Country diary: Barn owls make the best listeners | Anita Roy
Smeatharpe, Devon: Pristine plumage, with a beak like rose marble - to be so close to this bird is astonishingI'm jittery. It's always a bit nerve-racking going to see a new therapist; in this case, especially so. I hope he doesn't bite. I drive down a bumpy country lane and past a barn to park next to a large white van. "Animal assisted therapy with birds of prey" is written on the side. Karen Stead-Dexter is standing with the back doors open. Inside the van are several large black boxes. Some of them screech. We talk a little about which bird will be leading the session today and put on our leather gloves."This is George," she says, then she eases the catch open and brings out a barn owl. First impression - well, to be honest, first, second, third and constant impression - is astonishment. He is absolutely beautiful. Pristine snow-white breast, pink-tinged beak translucent as rose marble, the distinctive heart-shaped disc of his face, his back and wings mottled with gold-brown flecks. Every feather uniquely suited to its function and place. He peers around with his dark brown eyes. Karen explains that owls' eyesight is actually quite bad and, unlike ours, their eyes are affixed to the skull so they can only look around by turning the head. As though to concur, George executes a perfect Bharat Natyam-style side-to-side neck wobble. Continue reading...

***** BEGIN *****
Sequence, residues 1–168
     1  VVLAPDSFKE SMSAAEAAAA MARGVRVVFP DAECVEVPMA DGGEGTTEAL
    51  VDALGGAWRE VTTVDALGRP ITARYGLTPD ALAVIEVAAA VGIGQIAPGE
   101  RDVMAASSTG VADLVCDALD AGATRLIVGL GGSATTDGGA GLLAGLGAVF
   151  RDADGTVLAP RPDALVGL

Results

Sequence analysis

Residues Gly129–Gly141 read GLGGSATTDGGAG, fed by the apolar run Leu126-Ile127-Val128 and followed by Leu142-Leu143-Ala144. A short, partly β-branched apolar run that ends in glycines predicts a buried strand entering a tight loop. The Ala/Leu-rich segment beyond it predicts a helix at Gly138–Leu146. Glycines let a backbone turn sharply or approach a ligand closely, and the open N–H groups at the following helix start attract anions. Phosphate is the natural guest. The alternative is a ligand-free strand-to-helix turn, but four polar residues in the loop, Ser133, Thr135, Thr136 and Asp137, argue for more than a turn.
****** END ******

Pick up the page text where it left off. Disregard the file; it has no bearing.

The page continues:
Celý článek: https://www.theguardian.com/environment/2022/nov/30/country-diary-barn-owls-make-the-best-listeners
Zdroj: The Guardian